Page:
Drug war winding down?
From 2009 to 2013, 31 states have passed nearly 50 laws changing the way their criminal justice systems define and enforce drug offenses.
Since the “War on Drugs” began 40 years ago under the Nixon administration, billions of dollars have been spent annually to arrest, prosecute and incarcerate nonviolent offenders – mostly young, minority males, according to a study released by the Vera Institute of Justice.
However, based on financial constraints, and a growing body of research that community-based treatment and support is preferable to long terms of incarceration for rehabilitating drug offenders, many local and state authorities have begun to rethink drug policy, according to the study.
The study found the nearly 50 bills relating to the relaxation of drug policy passed fall into one of five categories:
Mandatory penalties: States including New York have repealed or shortened mandatory minimum sentences and enhanced judicial discretion to sentence below the mandatory minimum.
Drug sentencing schemes: States including Colorado have adjusted the number of felony or misdemeanor categories related to drugs or the amount of drugs associated with each level. For example, some states have legalized, decriminalized or lowered the penalties for the possession of small amounts of marijuana.
Early release mechanisms: States including Kentucky have created ways for offenders to reduce sentences for good behavior, or participation in drug treatment programs.
Community-based sanctions: States including Indiana have expanded community-based drug sentencing options, increasing incentives for and investment in probation or drug treatment programs.
Collateral consequences: States including Utah have expanded options for sealing or expunging criminal records.
Federal drug policy is conceptually shifting, but states are leading the way, due to wide public support for altering drug policy. The Pew Research Center reports 67 percent of Americans feel the government should focus more on treatment, rather than prosecution, for drug offenders. 63 percent say that states’ movements away from mandatory prison sentences are a good thing.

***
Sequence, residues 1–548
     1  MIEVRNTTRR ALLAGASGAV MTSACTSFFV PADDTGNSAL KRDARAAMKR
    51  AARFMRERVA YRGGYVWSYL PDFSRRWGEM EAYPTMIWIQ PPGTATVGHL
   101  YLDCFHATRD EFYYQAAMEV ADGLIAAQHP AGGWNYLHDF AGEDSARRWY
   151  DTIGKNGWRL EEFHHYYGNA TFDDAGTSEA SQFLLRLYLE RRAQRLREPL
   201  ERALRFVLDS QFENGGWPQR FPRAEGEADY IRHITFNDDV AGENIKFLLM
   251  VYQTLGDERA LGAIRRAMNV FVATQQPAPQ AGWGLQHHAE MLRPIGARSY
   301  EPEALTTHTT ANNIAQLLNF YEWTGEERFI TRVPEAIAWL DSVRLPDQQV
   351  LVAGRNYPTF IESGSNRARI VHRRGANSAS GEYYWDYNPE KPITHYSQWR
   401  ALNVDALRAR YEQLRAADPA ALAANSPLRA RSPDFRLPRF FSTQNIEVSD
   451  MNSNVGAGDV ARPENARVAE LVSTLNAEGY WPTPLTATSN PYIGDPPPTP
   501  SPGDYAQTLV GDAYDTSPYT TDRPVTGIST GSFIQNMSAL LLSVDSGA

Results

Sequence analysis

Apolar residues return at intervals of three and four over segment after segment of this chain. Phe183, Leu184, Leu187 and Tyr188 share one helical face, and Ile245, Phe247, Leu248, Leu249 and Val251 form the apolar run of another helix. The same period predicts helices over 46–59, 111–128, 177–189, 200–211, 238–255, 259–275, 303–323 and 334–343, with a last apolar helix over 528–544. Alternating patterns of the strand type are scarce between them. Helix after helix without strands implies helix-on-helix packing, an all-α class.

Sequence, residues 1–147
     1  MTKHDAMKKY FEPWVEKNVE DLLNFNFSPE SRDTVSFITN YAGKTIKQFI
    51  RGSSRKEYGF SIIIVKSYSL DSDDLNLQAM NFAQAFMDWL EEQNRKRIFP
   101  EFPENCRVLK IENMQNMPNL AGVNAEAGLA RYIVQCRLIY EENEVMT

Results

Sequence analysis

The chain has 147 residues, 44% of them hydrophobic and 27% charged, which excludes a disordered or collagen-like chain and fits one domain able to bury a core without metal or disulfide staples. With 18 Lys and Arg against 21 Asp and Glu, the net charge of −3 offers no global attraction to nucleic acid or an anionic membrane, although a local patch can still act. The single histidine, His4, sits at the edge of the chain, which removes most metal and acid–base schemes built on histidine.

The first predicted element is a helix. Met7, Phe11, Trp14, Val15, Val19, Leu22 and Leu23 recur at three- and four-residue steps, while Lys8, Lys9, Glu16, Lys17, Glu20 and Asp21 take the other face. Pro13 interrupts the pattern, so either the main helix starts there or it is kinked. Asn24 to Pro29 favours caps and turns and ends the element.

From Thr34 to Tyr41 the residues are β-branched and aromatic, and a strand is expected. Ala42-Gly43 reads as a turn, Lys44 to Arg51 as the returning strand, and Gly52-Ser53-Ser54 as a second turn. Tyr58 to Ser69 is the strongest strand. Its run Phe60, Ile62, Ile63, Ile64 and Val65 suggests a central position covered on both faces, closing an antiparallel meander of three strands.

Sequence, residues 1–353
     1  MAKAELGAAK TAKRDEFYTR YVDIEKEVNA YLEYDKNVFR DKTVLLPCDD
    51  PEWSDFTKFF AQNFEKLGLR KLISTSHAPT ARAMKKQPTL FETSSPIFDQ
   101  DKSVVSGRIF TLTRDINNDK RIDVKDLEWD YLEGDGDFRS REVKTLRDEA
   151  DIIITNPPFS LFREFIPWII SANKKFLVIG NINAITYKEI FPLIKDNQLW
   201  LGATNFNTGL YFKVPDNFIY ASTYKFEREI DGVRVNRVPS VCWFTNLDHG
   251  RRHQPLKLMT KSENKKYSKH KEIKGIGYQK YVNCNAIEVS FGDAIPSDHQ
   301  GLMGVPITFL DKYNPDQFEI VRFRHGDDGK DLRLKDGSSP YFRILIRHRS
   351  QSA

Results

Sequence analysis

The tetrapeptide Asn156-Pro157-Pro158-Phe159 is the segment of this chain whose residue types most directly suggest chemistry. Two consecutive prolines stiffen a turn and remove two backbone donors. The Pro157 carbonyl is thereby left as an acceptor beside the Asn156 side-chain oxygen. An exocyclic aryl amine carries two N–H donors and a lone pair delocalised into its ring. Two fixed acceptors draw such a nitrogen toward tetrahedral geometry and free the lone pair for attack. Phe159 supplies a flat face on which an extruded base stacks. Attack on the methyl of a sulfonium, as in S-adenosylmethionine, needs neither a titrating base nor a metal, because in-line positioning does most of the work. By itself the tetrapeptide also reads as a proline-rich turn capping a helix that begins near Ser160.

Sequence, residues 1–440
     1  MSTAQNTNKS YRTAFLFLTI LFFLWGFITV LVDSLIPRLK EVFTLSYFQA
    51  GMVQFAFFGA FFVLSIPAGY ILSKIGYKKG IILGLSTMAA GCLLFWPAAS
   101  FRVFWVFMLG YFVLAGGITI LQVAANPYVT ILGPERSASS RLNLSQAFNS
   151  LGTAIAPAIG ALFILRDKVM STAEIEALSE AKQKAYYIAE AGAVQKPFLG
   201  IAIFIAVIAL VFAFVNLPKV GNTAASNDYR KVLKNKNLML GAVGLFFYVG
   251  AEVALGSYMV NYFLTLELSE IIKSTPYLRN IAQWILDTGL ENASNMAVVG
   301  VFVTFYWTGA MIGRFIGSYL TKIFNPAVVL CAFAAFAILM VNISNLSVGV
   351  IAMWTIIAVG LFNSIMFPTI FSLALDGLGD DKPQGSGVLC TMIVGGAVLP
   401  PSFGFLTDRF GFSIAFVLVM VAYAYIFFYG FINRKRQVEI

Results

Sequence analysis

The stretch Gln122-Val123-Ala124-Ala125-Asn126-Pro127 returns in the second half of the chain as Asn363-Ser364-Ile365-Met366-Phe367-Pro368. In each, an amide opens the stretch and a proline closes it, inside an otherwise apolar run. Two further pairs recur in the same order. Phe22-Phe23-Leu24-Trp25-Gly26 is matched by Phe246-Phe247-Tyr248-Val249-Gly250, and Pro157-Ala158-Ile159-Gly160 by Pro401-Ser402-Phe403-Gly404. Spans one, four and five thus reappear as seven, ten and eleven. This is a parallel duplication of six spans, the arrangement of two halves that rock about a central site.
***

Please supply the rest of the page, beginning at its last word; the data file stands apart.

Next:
Apart from public opinion, states have realized rising prison populations are major economic drains. From 1983 to 1997, Texas spent $2.3 billion to add 108,000 prison beds, according to Pew. Nationally, the per-inmate annual costs range from $14,603 in Kentucky to $60,076 in New York. State prisons house more than 1.35 million prisoners across the country.
Drug policy changes along with falling crime rates have helped lower imprisonment rates in 31 states. From 2007 to 2012, the overall state imprisonment rate fell from 447 sentenced prisoners per 100,000 residents to 413 per 100,000, according to Pew.
“These changes indicate a growing recognition at the state level that there are better ways to respond to drug offenders than mass incarceration,” Peggy McGarry, director of Vera’s Center on Sentencing and Corrections, said in a statement. “Combined with Attorney General Eric Holder’s push for a similar re-thinking of the federal criminal justice system’s policies toward drug crimes, these changes indicate that we are on the cusp of a new era of fairer and more cost-effective approaches to drug-involved offenders.”